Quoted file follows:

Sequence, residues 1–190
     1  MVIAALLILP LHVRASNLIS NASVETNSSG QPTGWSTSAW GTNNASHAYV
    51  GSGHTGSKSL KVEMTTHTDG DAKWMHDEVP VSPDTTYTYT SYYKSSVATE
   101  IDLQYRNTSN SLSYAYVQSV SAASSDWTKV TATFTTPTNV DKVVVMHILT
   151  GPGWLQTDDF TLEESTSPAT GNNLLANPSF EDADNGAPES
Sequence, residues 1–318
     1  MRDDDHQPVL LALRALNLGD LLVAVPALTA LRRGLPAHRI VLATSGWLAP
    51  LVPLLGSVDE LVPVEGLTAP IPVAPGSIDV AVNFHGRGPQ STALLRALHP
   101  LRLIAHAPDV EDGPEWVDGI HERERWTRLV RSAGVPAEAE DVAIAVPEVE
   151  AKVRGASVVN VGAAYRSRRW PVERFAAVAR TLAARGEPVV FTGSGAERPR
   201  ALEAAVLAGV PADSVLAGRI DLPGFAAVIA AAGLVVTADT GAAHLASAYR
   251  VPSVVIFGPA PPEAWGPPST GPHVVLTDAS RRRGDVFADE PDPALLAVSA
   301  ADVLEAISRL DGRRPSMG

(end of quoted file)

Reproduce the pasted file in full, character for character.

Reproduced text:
Sequence, residues 1–190
     1  MVIAALLILP LHVRASNLIS NASVETNSSG QPTGWSTSAW GTNNASHAYV
    51  GSGHTGSKSL KVEMTTHTDG DAKWMHDEVP VSPDTTYTYT SYYKSSVATE
   101  IDLQYRNTSN SLSYAYVQSV SAASSDWTKV TATFTTPTNV DKVVVMHILT
   151  GPGWLQTDDF TLEESTSPAT GNNLLANPSF EDADNGAPES
Sequence, residues 1–318
     1  MRDDDHQPVL LALRALNLGD LLVAVPALTA LRRGLPAHRI VLATSGWLAP
    51  LVPLLGSVDE LVPVEGLTAP IPVAPGSIDV AVNFHGRGPQ STALLRALHP
   101  LRLIAHAPDV EDGPEWVDGI HERERWTRLV RSAGVPAEAE DVAIAVPEVE
   151  AKVRGASVVN VGAAYRSRRW PVERFAAVAR TLAARGEPVV FTGSGAERPR
   201  ALEAAVLAGV PADSVLAGRI DLPGFAAVIA AAGLVVTADT GAAHLASAYR
   251  VPSVVIFGPA PPEAWGPPST GPHVVLTDAS RRRGDVFADE PDPALLAVSA
   301  ADVLEAISRL DGRRPSMG